Windies, South Africa start series in a draw
April 8, 2005

Windies, South Africa start series in a draw

An unbeaten hundred by Jacques Kallis allowed South Africa to bat through the final day of the first Digicel Test against the West Indies to ensure a draw at Bourda on Monday.

Following-on for the first time in over three years the tourists were indebted to Kallis, whose 109 steered his team to safety at 269 for four in their second innings when opposing captain Shivnarine Chanderpaul acknowledged that he no longer had any realistic prospect of winning. {{more}}The match was called off with eight of the mandatory final 15 overs left to be bowled.

Windies captain Shivnarine Chanderpaul was named Man-of-the-Match on the strength of his unbeaten 203 out of a total of 543 for five declared in his side’s only innings.

At 119 for three, an hour before lunch and given the manner of the dismissal, a decent crowd gathered at Bourda had reason to believe that the expected variable bounce and West Indian bowling discipline would get the better of the South Africans.

But Kallis remained rock solid, and with Herschelle Gibbs restraining his style, the pair made the match safe with a 139-run fourth-wicket stand that spanned just over four hours and was only ended when Gibbs lost concentration in the first of the final 15 overs.

Within one run of an 18th Test half-century, he offered no shot to a Ryan Hinds delivery that pitched outside the leg-stump and watched in bewilderment as the ball brushed his front pad before clipping his off-stump. Yet whatever disappointment the 31-year-old would have felt at missing out on the milestone would have been eased considerably by the fact that his innings of 207 deliveries with six fours was almost as important as Kallis’.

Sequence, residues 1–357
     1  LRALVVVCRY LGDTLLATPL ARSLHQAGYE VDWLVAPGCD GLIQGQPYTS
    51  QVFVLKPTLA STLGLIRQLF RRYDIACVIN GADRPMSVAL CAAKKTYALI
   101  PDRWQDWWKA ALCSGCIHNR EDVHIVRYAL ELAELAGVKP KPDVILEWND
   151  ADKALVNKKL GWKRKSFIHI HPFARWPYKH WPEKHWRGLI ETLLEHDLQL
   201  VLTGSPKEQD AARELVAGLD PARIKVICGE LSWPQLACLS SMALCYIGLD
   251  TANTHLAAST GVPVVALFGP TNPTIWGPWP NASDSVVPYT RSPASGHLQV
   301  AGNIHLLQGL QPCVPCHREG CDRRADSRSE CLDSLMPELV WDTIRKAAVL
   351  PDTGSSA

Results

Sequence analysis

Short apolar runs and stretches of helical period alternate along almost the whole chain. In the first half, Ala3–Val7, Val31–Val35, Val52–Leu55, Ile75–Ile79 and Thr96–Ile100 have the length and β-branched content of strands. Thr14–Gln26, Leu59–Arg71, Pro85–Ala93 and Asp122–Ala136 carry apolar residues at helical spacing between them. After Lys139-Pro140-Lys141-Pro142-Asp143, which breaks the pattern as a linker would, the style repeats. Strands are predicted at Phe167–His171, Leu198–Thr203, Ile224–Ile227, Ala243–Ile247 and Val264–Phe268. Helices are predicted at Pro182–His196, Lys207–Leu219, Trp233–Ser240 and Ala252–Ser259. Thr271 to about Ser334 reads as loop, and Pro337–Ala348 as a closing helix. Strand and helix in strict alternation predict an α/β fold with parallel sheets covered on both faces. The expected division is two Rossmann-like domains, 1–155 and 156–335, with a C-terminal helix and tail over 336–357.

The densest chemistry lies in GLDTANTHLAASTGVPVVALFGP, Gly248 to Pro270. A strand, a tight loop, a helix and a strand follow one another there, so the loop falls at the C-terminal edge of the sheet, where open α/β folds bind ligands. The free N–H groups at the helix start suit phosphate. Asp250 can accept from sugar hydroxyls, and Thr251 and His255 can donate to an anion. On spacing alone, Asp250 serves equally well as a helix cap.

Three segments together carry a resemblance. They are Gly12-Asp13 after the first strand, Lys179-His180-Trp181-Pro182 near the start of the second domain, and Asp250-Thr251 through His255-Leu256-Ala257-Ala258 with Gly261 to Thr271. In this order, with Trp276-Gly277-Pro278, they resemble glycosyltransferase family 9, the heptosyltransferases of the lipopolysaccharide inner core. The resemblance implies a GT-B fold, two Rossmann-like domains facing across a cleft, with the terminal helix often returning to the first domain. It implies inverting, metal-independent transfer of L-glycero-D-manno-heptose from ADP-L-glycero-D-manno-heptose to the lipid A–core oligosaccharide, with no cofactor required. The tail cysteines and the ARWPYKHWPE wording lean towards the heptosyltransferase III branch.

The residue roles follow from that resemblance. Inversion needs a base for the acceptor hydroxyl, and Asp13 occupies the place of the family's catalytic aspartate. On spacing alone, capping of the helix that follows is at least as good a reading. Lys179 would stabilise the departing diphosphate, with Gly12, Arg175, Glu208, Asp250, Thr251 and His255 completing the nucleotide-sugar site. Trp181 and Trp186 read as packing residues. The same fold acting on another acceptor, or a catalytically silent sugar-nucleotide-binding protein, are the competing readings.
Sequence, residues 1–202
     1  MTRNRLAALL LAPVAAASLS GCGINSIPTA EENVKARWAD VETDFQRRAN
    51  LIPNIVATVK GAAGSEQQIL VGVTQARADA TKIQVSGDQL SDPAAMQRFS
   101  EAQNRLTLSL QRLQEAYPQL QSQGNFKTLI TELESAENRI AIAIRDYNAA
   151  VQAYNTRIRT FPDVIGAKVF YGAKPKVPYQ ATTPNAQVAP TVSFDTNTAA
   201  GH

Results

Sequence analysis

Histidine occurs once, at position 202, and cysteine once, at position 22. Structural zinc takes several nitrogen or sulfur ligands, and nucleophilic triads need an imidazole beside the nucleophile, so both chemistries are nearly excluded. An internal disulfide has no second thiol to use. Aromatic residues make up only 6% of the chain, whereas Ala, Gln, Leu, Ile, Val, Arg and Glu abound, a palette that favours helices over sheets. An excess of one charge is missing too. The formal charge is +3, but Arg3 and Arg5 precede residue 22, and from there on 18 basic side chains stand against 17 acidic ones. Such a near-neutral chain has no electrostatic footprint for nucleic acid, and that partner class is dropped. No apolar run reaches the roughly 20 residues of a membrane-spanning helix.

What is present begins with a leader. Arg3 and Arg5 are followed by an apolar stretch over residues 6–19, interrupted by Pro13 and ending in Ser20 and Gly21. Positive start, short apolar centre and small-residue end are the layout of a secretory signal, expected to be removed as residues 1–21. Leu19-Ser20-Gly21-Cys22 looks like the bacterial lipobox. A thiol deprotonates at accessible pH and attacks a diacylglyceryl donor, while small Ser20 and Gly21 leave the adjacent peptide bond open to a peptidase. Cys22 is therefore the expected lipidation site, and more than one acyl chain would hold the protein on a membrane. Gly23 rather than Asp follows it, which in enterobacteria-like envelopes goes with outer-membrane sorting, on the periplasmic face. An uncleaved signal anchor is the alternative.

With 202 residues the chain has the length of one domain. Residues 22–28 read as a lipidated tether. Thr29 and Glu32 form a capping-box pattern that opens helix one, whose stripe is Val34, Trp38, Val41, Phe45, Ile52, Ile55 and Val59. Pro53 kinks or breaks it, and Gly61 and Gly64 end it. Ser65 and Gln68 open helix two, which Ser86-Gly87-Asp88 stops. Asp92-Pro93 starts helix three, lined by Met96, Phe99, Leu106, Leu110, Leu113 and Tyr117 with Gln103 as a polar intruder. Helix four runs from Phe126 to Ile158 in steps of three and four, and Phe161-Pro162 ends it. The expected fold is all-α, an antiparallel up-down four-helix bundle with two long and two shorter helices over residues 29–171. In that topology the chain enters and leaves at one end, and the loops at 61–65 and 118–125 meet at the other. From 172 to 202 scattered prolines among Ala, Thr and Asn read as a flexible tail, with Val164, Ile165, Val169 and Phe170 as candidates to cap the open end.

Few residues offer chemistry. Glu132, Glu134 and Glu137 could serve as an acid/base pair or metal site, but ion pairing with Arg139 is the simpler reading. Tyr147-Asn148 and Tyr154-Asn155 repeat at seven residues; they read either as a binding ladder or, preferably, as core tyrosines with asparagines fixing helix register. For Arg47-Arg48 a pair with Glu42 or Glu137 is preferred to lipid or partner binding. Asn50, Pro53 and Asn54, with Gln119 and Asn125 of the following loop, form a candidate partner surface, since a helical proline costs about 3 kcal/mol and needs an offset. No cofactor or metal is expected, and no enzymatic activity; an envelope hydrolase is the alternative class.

Mark Boucher, a joint top-scorer in the visitors’ first innings total of 188, did as was required in the final minutes before the match was called off.

For a West Indies side not given much hope at the start of the match last Thursday; the overall performance would also have been encouraging, leaving both teams upbeat before battle again in Trinidad today.

With former captain Brian Lara along with Chris Gayle and Ramnaresh Sarwan expected to return to the team for the Second Test in Port-of-Spain starting today, speculation was rife even at the close of play as to whether Chanderpaul would have been retained as skipper.

Try as he did in rotating his three frontline pacers and giving the part-time slow bowlers – including himself – a combined 71 overs during the course of the innings, Chanderpaul could not dislodge Kallis.

When he reached 55, he became only the second South African after Gary Kirsten to compile 7,000 Test runs, and in glancing Reon King to long-leg for his 100th run, the 29-year-old right-hander equalled Kirsten’s record of 21 for the most Test centuries for his country.

Resuming on the final morning in partnership with Jacques Rudolph, Kallis was a pillar of solidity throughout a day blessed with the best weather of the match. Yet he needed a slice of luck that, had it gone the other way, could have resulted in a different finish.

On 22, he edged Chanderpaul, but Courtney Browne could not get his gloves to it as it crashed into the wicketkeeper’s pads.

The Barbadian had earlier missed a difficult chance diving down the leg-side when Rudolph glanced a delivery from Darren Powell. The left-hander eventually fell lbw for 24 to Narsingh Deonarine.